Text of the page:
With the sport of paddleboarding growing faster than any other sport worldwide, it makes sense that many companies would be looking to fill a need, create a niche or offer something special to their line. And with women making up a large part of the paddleboarding community and making a lot of the household purchasing decisions, it makes sense that paddle board companies would begin to cater to what they think women are looking for in a paddleboard.
What defines a “women’s paddleboard”? It’s a good question, one without any definitive answer. But there seem to be some shared general characteristics across many of the boards being advertised as “women’s boards”. Here are some of the things that set women’s boards apart from the rest
- Size-because women are generally smaller than men, so are boards designed specifically for them.
- Weight-because women are generally smaller than men, boards designed for us tend to be lighter. Some share the same profiles as other boards in the lineup, but they are made with lighter materials (sometimes at the sacrifice of durability so be careful)
- Color and graphics-women’s boards tend to look like they are for women. Many of them are pink or have pink flowers on them. And many of them are not boards men would want to be seen riding…which is a great way to keep your boyfriend, husband, son from taking your board out.
Many women’s specific paddleboards are in the 10’6 neighborhood size wise. Women don’t typically need as much volume in a board because we don’t have as much weight to float. So smaller, narrower boards make more sense. Some women even prefer smaller, more surf style shapes for flatwater paddling because they feel more playful.
Of the three features mentioned above, weight is probably the most important. One of the beautiful things about paddleboarding is the simplicity. You don’t need a lot of equipment, you can go anywhere there is water, and it’s easy to throw your board on your roof and go….or is it? A 5’2 woman with an SUV is probably going to have a bit of trouble getting an 11’6 x 33” wide board that weighs 35 lbs on her roof. And isn’t that an excessive amount of board for her size anyway? Maybe…but some people like the extra stability afforded to them by extra volume in the board and the extra glide you can get from a longer board. But when it comes to handling it, if it’s not easy, we’re less likely to do it. So many companies are offering lightweight options for women’s boards. For instance, Corran Addison Designs (now Riot SUP) offer the Bellissima. It is a very pink version of their normally red Doppler. It is 10’6 by 30” wide. But here’s the thing. The Doppler weighs in at a whopping 21 lbs (still super light and a good choice if pink isn’t your thing) but the Bellissima weighs 17lbs!!! That makes paddling accessible to just about everyone.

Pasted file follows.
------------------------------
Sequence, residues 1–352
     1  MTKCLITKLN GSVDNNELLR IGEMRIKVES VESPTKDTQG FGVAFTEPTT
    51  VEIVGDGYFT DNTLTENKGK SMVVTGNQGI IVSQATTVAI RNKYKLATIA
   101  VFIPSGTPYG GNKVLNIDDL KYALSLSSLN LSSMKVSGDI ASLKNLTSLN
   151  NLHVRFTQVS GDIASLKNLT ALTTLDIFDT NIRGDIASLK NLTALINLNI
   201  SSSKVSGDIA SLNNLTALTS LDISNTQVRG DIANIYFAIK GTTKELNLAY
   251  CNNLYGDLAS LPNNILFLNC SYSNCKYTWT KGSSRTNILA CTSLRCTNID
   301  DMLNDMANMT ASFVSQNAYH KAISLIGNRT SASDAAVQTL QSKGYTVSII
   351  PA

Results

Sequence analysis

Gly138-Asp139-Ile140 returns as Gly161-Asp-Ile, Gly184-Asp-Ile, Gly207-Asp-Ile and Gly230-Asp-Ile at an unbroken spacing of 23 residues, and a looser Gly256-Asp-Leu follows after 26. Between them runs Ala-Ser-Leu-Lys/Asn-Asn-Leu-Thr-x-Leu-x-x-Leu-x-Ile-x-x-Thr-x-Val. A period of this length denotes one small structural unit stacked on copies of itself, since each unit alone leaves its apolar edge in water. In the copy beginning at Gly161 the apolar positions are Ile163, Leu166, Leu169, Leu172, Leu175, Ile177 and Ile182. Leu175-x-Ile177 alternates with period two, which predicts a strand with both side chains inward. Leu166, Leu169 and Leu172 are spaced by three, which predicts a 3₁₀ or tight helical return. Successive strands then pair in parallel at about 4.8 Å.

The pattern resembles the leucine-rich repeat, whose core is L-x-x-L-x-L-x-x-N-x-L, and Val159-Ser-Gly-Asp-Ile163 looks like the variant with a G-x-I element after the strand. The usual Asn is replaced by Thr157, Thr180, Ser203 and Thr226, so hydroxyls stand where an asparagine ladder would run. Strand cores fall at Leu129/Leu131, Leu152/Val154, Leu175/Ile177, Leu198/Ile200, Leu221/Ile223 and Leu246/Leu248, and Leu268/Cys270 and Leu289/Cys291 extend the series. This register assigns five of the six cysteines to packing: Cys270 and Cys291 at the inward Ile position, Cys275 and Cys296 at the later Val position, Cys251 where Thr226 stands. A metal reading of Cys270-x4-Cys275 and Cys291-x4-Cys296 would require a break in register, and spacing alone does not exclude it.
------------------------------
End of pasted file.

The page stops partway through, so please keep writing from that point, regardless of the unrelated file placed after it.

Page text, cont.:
Lakeshore Paddle has a model called the Betty Board. It is 11’6 and it weighs only 19lbs. Coreban makes a Wahine line that uses the shapes of their other boards, but lighter weight materials to make them incredibly manageable too. And they offer high performance surf models.
Then there is the issue of color and graphics. There are definitely some ladies out there who love a pink board, and that’s great. For the rest of us, we have to decide if the benefits of size and weight with us in mind outweigh, pink, purple and flowers. I have said about snowboards that I wouldn’t ride a board just because I like the graphics…but some graphics would make me NOT want to ride a specific board. In the future if companies want to continue with colors and graphics geared toward women, I think more companies will take Boardworks’ approach which features much more muted and subtly feminine details.
While I am fully behind sports catering to women’s specific needs and wants, I’m not sure that “shrink it and pink it” is the answer with paddleboards. For petite women, smaller sized boards can definitely be a great answer. Lighter weight boards are a benefit for most paddlers. And pink can be a great selling point for some people. Use “women’s paddleboards” as a suggestion, but realize that there are a lot of options out there and these may or may not be the best ones for you. In the end you should visit your local SUP shop, talk with people who know about the different boards, and when possible demo boards! The way the board feels to you and the way it performs for you is much more important that anything else.